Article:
Driving transformation

Duma Travel have embarked on a raft of new initiatives and partnerships, all aimed at transforming the South African travel industry. One of these initiatives is a partnership with UNIGLOBE Travel, with the deal inked in Johannesburg in June and attended by President & Chief Operating Officer of UNIGLOBE Europe, Middle East & Africa, Derek Hearl-Maunder, and EMEA Regional President, Patrick Hooft.


According to Duma Travel CEO Themba Mthombeni, the South African travel industry is in trouble, and unless it undergoes radical change – or transformation – it is dead in the water.

“The economy is not growing as fast as it should and we’re technically in a recession,” he says. “So volumes are dropping, margins are being challenged, costs are rising, there are calls for radical transformation, and technology is eating into the traditional bricks and mortar space. All of those things combined means it can’t be business as usual.”

So, one way that Mthombeni believes Duma can facilitate this change is by tying up with international player, UNIGLOBE, with Duma tasked with signing up new membership partners (ideally, medium-sized travel agencies) and driving growth in sub-Saharan Africa. These new customers would get access to UNIGLOBE’S a global brand, training, a global hotel programme with 38,000 properties in 6,000 cities, technology, and the benefit of massive purchasing power.

UNIGLOBE has more than 600 partners across 60 countries, but its presence in Africa is relatively small, and it believes it now has the right partner in Duma, due to its “strategic size and ability to grow”.

“There is a lot of business in the EMEA region and our idea is to capture that business and keep it within the UNIGLOBE structures,” says Hearl-Maunder. “Under our remit, there are roughly 160 companies with various branch offices, and our annual spend in the EMEA structure alone is worth $1.5b, which is a substantial amount of money we’re spending with suppliers, technology companies etc.”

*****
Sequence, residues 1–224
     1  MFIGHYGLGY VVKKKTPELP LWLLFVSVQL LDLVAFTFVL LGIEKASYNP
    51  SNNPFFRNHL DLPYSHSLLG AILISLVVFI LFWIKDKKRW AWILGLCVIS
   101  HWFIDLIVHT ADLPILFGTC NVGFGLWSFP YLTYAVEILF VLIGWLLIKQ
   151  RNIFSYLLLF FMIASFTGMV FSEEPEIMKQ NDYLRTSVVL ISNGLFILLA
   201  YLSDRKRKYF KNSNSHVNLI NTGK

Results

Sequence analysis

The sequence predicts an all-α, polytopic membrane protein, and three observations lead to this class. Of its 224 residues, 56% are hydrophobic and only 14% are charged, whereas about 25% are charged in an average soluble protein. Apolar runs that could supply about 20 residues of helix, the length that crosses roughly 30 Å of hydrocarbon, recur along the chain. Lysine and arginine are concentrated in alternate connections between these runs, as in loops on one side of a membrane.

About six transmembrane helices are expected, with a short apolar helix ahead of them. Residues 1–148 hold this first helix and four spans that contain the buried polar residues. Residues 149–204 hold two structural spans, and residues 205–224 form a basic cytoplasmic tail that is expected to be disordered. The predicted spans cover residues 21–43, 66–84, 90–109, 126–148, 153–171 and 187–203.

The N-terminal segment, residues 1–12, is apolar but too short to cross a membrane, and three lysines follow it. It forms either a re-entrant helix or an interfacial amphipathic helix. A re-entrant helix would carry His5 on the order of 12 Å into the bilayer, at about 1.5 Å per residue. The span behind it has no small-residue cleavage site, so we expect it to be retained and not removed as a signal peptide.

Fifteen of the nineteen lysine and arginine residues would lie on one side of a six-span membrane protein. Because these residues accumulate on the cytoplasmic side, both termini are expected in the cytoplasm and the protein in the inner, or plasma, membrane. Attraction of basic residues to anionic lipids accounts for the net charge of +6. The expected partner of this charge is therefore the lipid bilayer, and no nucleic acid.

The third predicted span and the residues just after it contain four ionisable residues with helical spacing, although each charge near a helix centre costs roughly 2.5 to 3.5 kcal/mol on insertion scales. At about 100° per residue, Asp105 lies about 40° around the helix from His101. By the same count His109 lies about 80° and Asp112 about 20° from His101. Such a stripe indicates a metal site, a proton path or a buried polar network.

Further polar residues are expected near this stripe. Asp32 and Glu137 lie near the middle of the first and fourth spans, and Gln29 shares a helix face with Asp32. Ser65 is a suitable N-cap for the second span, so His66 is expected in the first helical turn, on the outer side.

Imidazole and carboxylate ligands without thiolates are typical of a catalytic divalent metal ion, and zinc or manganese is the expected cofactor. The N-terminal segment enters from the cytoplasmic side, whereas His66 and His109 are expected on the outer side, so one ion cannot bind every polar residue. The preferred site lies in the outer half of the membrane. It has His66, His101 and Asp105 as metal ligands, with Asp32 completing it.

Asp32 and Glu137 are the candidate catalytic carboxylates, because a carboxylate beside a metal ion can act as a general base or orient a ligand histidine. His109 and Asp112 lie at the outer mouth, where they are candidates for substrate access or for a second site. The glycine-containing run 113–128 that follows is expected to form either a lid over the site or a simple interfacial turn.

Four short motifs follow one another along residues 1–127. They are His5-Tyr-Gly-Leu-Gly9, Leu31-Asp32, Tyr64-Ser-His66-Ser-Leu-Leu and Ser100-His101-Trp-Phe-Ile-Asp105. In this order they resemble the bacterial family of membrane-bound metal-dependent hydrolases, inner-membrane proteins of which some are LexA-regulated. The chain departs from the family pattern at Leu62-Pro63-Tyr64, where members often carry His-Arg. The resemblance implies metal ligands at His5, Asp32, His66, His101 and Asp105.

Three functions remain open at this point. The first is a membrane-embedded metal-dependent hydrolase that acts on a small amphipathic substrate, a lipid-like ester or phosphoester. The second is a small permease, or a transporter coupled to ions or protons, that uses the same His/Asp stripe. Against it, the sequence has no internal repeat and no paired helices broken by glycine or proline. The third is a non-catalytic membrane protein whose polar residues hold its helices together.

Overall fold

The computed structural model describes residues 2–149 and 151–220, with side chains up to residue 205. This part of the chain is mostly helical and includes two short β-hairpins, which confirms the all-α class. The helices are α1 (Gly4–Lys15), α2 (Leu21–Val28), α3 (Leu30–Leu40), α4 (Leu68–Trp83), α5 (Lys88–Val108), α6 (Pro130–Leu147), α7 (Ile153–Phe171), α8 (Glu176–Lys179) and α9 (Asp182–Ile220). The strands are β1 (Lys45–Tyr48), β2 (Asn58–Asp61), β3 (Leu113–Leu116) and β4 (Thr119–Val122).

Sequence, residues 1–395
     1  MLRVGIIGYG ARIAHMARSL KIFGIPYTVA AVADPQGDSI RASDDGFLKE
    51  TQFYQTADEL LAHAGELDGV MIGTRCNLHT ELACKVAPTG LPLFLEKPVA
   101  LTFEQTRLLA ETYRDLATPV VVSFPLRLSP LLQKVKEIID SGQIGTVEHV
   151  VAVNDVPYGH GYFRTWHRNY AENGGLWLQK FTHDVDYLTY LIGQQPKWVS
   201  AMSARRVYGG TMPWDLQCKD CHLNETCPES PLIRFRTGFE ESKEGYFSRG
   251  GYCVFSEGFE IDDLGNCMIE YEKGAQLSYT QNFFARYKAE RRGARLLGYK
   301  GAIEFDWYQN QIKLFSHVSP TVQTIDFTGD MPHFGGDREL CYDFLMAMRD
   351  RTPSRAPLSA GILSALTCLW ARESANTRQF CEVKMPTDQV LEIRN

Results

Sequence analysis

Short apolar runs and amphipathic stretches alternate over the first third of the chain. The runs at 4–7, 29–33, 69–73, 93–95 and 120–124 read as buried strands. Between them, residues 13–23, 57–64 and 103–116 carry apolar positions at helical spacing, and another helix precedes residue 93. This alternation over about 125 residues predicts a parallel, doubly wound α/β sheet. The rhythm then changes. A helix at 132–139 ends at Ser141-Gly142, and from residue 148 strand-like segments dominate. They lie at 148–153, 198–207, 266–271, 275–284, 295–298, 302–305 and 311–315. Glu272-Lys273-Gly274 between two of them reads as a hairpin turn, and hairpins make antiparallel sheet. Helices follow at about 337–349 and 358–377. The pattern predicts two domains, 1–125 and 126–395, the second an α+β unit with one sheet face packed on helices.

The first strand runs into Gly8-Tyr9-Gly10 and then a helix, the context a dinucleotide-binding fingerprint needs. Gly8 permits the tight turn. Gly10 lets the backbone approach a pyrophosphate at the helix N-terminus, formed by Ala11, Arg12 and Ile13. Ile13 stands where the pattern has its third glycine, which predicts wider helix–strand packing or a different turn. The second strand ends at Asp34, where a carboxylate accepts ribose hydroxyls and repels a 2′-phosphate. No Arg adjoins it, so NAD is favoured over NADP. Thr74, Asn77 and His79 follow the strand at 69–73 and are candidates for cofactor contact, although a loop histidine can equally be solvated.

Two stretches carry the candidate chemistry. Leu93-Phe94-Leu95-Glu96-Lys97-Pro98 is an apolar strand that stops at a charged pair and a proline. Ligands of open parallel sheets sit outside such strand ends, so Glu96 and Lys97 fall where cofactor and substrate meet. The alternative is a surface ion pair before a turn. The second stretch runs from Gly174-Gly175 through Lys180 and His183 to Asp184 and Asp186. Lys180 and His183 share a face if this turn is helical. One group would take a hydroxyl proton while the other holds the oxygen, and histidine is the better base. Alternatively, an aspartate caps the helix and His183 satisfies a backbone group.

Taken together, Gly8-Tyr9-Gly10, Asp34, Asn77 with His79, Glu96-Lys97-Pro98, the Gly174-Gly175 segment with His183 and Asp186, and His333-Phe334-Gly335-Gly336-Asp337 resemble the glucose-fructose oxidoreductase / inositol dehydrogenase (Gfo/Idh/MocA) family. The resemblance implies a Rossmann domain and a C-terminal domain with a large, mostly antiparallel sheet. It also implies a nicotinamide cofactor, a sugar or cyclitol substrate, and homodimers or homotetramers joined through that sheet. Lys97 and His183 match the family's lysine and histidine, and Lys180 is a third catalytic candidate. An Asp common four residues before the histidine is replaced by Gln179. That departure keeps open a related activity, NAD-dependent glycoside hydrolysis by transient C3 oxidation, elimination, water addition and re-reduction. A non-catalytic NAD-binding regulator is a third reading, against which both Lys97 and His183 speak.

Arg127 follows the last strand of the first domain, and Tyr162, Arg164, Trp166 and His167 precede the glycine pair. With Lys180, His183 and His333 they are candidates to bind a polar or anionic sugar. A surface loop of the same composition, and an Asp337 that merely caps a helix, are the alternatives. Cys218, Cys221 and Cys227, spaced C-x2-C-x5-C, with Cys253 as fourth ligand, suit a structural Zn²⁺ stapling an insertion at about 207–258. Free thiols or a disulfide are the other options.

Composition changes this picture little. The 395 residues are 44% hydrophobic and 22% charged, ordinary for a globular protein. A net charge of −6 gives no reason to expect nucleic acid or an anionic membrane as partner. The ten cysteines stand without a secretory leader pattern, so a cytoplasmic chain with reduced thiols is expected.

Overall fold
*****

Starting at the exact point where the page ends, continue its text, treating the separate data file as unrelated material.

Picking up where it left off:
“For us it’s about passing that benefit to new, prospective partners and to grow that strength and give the small and medium-sized agency the ability to operate in a bigger world. That comes with a global partner.”

Mthombeni will be hitting the road beyond South Africa’s borders, strategically targeting those countries where he believes the greatest opportunity lies.

“Africa has always been our passion,” he says. “We did a detailed study of where the companies we currently deal with and those we want to deal with have their head offices. We identified 16 countries where we see a lot of South African foreign direct investment, and that is where we are going to be searching for partners. That is where we can leverage our relationships and where there is a combination of travel and money.”

There’s talk of a focus on East Africa, where UNIGLOBE already enjoys a presence, but both parties agree that huge opportunity also exists much closer to South Africa, in the countries adjacent to its borders.

“What we are effectively doing is following the money into the rest of Africa, because where there is money, people travel,” says Mthombeni.

The UNIGLOBE relationship, however, is not the start and end point for Duma Travel.

The South African TMC have also launched three other new divisions, which it believes will help drive change in the country’s travel industry, through collaboration.

As Duma is a 100% black-owned and 50% black woman-owned business, Duma Associates is buying stakes of up to 51% in medium-sized travel agencies to provide black economic empowerment benefits.

Duma Tech has developed an online booking system that ties into back office functions to give agencies a ready-made e-commerce platform.

Duma Shared Services, in turn, will supply its associates and other agencies with centralised services, such as ticket issuing, back office functions, sales and after-hours support, in order to provide the benefit of economies of scale and reduce the time spent on administration.

“The industry is facing headwinds and needs to re-invent itself, but we believe that we can still make money,” says Mthombeni. “There are challenges, but you have to be very creative, and we believe that we can help the industry transform, not just from a BEE perspective, but also transform businesses and ensure that they survive and attract more business.”

Big goals and lofty ambitions. Wishing them well.